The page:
Gabriel Wilson of The ListeningWelcome back to The Blah Blah for another exciting week.  We’ve had some requests here that we do an “Intro to Indie Music” segment, so welcome, and please share your opinions as we move along.  As I seek to define “indie music,” I’m touching on a segment of the music industry that is very hard to define.  In fact, the definition seems to change depending on who you’re talking to, what era you’re referring to, and what mood you’re in that day.

What is indie music?  Who listens to it?  What does it sound like?  Is there really a difference from big label music?  Do you even dare find out the answers?

I first started getting into indie music a few years ago.  Probably the biggest factor in leading me to indie music (secular, not Christian) was the independent film arena, specifically the movie Garden State.  My wife and I watched that movie and we just loved it.  There’s drug use, premarital sex, tons of bad language, and other things that I can’t uphold, so don’t go out and watch it with your middle school youth group, but I loved the developing romance between Sam and Andrew in the movie.  And I loved the soundtrack.  I had never heard anything like it before.  Iron and Wine, Remy Zero, The Shins, Frou Frou, Colin Hay…  So I checked out the bands I liked and found other bands I liked equally well.

From there, every time my wife and I watched another independent film with a great soundtrack, I noted more artists I liked and found them on-line.  The great thing about independent films is that even Blockbuster carries the more popular ones.  We got most of ours at Hollywood Video off the dollar menu, but now with NetFlix and Blockbuster’s on-line program, you can get thousands of independent films that you’d never find at a local video store.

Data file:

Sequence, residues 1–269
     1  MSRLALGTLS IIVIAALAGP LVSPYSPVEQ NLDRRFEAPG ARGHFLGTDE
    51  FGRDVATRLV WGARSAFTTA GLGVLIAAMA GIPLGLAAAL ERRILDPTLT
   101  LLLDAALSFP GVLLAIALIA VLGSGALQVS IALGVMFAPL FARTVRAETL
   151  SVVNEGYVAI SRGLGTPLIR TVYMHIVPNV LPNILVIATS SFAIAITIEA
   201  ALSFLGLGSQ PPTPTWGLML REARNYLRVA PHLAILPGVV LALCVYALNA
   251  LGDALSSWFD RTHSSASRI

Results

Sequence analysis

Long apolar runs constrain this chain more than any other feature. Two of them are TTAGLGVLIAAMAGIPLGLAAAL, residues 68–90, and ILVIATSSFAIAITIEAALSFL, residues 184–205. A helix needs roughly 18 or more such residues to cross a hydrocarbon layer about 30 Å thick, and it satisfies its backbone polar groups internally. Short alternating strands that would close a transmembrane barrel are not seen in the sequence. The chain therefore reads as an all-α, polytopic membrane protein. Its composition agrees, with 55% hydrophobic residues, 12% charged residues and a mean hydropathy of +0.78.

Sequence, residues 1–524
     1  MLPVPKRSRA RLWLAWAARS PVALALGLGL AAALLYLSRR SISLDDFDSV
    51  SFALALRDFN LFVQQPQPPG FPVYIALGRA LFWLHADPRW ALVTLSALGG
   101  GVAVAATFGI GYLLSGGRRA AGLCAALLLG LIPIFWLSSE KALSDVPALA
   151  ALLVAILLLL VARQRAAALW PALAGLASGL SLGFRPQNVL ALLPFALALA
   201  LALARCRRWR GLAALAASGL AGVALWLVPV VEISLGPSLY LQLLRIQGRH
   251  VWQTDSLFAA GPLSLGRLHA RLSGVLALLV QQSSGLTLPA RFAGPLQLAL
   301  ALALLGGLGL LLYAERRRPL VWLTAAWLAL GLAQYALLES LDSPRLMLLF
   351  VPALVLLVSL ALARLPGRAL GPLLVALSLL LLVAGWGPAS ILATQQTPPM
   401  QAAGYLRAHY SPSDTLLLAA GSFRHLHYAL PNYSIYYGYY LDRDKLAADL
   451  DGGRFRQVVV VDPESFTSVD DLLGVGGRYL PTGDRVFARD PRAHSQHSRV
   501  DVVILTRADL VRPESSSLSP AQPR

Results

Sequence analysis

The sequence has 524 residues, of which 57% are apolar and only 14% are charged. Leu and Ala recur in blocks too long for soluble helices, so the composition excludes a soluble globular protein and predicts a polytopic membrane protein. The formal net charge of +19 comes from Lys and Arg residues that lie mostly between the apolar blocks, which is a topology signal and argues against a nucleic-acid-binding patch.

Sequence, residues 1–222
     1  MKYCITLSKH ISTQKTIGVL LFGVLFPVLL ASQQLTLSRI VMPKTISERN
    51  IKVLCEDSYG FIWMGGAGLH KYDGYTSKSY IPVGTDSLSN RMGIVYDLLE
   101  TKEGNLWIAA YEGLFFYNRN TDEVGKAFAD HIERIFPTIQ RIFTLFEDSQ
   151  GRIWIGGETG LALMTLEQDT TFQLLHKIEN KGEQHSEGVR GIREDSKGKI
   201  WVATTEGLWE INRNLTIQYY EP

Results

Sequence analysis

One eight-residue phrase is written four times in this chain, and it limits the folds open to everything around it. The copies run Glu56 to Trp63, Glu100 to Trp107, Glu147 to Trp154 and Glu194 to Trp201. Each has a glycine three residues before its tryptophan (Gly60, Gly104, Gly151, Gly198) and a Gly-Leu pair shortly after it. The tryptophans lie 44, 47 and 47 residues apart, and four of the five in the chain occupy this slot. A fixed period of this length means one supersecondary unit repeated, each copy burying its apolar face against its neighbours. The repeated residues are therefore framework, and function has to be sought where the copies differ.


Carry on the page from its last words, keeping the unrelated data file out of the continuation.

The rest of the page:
Over the next two weeks, I’ll be posting 10 qualifications that I believe are necessary of indie music, and with those qualifications, I’ll post an mp3 or two from bands that exemplify that aspect.  Make sense?  Good.  Let’s begin.

Qualifications of Indie Music
1) It must be on an independent label

The first obvious qualification of indie music is that it must be on an independent label.  In reality, this is probably the only real qualification that needs to be there.  By nature, if you’re on an independent label or are unsigned, you’re an indie band.

According to Wikipedia, “In popular music, independent music, often abbreviated as indie, is a term used to describe genres, scenes, subcultures, styles and other cultural attributes in music, characterized by their independence from major commercial record labels…”  Indie music isn’t one style, one genre, one sound.  It can be rock, pop, hip hop, folk, acoustic, melodramatic, goth, metal… but it’s gotta be on an independent label.

For today’s MP3, check out a song by Oregon psychadelic rock group The Listening:
The Listening – Hosea in C Minor

Why did I pick The Listening for today’s qualification – being on an independent label?  Well, besides the fact that they are indeed on their own independent label (L-town Music), Gabriel Wilson, lead singer and guitarist for The Listening, has produced a number of albums for other artists with guitarist Chris Greely.  Known together as The Glitter Twins, the duo has shown a zeal for helping out other young indie bands any way they can through their label.  Good enough for me.

While being on an independent label is really all it takes to be indie, people don’t normally think of that local gospel choir that recorded a live album at church when they say “indie music.”  Come back tomorrow for more ideas on what makes music indie music.  And, please, share your opinions, whether you agree or disagree.

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